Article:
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How to Tell if You Car Has a Coolant or Antifreeze Leak

By Jason Collins | November 5, 2021

Winter is a challenging time of the year for vehicles. Freezing temperatures are hazardous for a car's radiator. Cold temperatures can have a seizing-up effect on a vehicle's engine and stop the engine from running and lead to lengthy repairs.

To get around this challenge, car owners turn to antifreeze, which is often confused with coolant.

These two substances are actually different, even though they are often used interchangeably. Unfortunately, both fluids are susceptible to leaking, an entirely new problem for your car often represented by a leaking radiator.

We explore a coolant leak versus an antifreeze leak and the best way to repair them.

Is Antifreeze the Same as Coolant?

The simple answer is no. Despite there being two colors of antifreeze, neither type is the same as coolant. The two colors should never be mixed together and should never be poured into the car's engine system by themselves.

Antifreeze also differs from coolant because it contains corrosion inhibitors that prevent rust in the radiator, water pump, and other cooling system components.

A coolant mixture generally consists of a 50-50 split between antifreeze and water. Sometimes, the coolant mixture can contain as much as 70% antifreeze during extremely cold temperatures. The 50-50 ratio is effective in keeping an engine cool that operates at more than 200 degrees, and it will help prevent freezing in temperatures of 30 degrees below zero and even lower.

The addition of water to antifreeze is the distinguishing factor between engine coolant and antifreeze. When antifreeze is converted into coolant, it can effectively regulate an engine's temperature by preventing freezing and overheating.

Common Causes of a Coolant/Antifreeze Leak

A coolant or antifreeze leak can occur for several reasons. Common causes include:

  • A blown radiator hose or improperly sealed radiator hose.
  • A bad hose clamp or poor hose connection
  • Your water pump has failed.
  • Warped head gasket or a blown head gasket.
  • If a foreign object was kicked up by a vehicle in front of you which penetrated the radiator itself.
  • Corrosion inside the radiator.
  • A leaky radiator cap
  • There may be an issue with the expansion tank.
  • There is a hole in your radiator.

An antifreeze or coolant leak can overheat your engine, warp the cylinder head or head gasket, contaminate your engine oil, and leave you stranded on the side of the road.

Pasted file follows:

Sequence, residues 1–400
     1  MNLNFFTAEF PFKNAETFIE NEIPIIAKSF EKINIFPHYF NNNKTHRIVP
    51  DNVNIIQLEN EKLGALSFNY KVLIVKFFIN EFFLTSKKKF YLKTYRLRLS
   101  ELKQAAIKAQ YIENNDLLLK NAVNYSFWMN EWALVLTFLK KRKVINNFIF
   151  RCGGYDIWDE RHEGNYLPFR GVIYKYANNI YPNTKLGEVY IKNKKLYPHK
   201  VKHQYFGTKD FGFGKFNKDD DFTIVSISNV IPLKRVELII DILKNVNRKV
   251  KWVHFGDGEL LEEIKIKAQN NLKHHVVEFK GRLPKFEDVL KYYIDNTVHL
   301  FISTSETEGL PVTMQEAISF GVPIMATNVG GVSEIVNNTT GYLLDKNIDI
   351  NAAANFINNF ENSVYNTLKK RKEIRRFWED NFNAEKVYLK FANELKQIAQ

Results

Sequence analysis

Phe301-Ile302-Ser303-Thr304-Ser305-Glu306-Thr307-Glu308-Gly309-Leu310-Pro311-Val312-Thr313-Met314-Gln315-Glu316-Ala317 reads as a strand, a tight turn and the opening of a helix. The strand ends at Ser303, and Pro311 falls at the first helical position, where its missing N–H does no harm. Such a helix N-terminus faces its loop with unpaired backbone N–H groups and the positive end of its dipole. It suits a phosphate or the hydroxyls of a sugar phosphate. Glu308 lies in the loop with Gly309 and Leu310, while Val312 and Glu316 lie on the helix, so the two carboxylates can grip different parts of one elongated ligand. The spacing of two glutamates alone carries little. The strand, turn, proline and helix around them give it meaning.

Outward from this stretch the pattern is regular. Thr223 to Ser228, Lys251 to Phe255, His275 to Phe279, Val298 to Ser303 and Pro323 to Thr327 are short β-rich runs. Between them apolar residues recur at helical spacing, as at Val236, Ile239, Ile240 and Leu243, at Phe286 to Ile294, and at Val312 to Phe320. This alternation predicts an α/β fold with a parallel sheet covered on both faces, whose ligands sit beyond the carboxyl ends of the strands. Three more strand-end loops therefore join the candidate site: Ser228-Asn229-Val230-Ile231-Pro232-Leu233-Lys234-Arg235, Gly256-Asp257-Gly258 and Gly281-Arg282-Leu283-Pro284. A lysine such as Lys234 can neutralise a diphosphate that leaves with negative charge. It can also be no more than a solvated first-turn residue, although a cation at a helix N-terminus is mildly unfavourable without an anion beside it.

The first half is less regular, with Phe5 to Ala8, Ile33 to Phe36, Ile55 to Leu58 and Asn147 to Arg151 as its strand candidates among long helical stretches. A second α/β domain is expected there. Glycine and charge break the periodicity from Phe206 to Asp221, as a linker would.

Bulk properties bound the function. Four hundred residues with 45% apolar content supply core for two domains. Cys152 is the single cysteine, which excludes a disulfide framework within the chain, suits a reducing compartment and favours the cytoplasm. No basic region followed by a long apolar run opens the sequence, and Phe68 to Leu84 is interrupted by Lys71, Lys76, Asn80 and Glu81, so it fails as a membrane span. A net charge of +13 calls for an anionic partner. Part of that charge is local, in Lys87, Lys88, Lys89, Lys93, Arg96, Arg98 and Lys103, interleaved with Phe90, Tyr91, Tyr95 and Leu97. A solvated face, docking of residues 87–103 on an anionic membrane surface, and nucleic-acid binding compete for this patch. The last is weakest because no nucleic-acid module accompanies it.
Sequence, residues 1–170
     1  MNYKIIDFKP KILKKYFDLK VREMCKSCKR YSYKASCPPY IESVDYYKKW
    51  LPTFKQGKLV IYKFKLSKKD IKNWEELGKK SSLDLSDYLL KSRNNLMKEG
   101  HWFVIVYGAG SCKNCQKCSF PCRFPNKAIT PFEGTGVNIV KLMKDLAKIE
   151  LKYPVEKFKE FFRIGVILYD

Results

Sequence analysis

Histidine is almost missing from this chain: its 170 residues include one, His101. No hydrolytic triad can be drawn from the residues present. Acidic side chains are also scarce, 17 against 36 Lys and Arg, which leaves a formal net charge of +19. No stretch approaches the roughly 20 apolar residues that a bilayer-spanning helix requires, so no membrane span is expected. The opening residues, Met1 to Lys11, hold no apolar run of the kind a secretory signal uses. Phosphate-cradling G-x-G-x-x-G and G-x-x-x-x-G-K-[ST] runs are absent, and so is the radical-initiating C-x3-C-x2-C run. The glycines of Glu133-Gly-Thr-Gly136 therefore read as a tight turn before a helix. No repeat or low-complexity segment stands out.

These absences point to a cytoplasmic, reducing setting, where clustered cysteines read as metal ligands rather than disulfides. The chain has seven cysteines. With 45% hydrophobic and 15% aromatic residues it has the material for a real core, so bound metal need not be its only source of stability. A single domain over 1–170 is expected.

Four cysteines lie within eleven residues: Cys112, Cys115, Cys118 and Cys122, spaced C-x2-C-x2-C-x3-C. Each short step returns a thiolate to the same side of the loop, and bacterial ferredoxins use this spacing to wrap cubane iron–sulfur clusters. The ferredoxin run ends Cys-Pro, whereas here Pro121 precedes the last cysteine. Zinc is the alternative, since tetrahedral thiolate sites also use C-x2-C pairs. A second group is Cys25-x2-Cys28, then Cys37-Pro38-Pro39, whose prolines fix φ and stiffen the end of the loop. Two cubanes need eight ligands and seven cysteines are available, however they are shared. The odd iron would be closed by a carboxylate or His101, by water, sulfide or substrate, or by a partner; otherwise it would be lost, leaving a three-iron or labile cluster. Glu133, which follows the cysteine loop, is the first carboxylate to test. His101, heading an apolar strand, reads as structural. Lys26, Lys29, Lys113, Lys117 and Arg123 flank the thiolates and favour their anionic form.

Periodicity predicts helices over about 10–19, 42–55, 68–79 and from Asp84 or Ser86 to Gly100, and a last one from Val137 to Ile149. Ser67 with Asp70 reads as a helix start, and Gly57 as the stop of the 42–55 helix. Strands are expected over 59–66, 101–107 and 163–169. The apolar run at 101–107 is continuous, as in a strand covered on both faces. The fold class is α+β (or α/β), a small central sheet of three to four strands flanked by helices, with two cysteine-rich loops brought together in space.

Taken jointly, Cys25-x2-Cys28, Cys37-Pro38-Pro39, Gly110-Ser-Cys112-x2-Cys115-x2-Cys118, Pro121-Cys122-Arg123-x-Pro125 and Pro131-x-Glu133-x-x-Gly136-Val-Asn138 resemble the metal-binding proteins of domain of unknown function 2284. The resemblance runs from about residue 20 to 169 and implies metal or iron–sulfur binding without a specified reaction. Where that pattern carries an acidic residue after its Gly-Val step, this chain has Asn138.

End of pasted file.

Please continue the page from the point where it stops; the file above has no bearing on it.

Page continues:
Symptoms of an Antifreeze Leak

Common symptoms of an antifreeze leak include the following:

  • You may notice a sweet smell coming from the car after driving it. It is easier to pick up the sweet aroma when standing outside the vehicle; however, you may smell it inside the vehicle if it is strong enough.

  • The easiest way to tell if you have an antifreeze leak is to look for puddles underneath the car after you have parked. The puddle may contain lime-green, orange, pink, or blue-green fluid. Engine oil is gold or black when dirty, while transmission fluid is dark red.

  • Your car runs hot or starts overheating, which your temperature gauge will indicate.

How to Repair an Antifreeze Leak

Depending on the root cause of the antifreeze leak, below are some helpful tips on how to repair the leak:

  • Replace Old or Damaged hose clamps

Below is how to replace old or damaged hose clamps:

  • Let your car cool down for five to 10 minutes.
  • Open the hood and unscrew the radiator cap.
  • Locate the damaged or worn hose clamp.
  • Depending on where the hose clamp is situated, you might need to drain some of the antifreeze. Place a bucket below the rubber hose and drain as much antifreeze fluid as necessary to access the hose and clamp.
  • Unscrew the damaged or old hose clamp. If you cannot unscrew it, then you may need to cut it.
  • Slide the new hose clamp onto the freed hose.
  • Tighten the hose clamp.
  • Fill the radiator with new fluid and tighten the radiator cap.
  • Turn on your car's ignition and allow it to reach operating temperature. Inspect the new clamp for any leaks.
  • Replace the Radiator Hose

Below is how to replace a radiator hose:

  • Follow steps one to three for replacing hose clamps; however, for the third step, you will locate the damaged hose.
  • Depending on where the hose is situated, you might need to drain some of the antifreeze. Place a bucket below the rubber hose and drain as much antifreeze fluid as necessary to access the hose.
  • Unscrew the hose clamps on either side of the radiator hose. Inspect the clamps as well for any signs of damage. You may need to replace the clamps too.
  • Slide the two hose clamps onto the new radiator hose and into their respective spots.
  • Tighten the two hose clamps down as firmly as possible.
  • Fill the radiator with new fluid and tighten the radiator cap.
  • Turn on your car's ignition and allow it to reach operating temperature.
  • Inspect the new radiator hose for any leaks.

Sometimes, you may find that you need to replace the radiator itself with a new radiator. While this is a task that you may accomplish independently, using a professional mechanic may be the better option.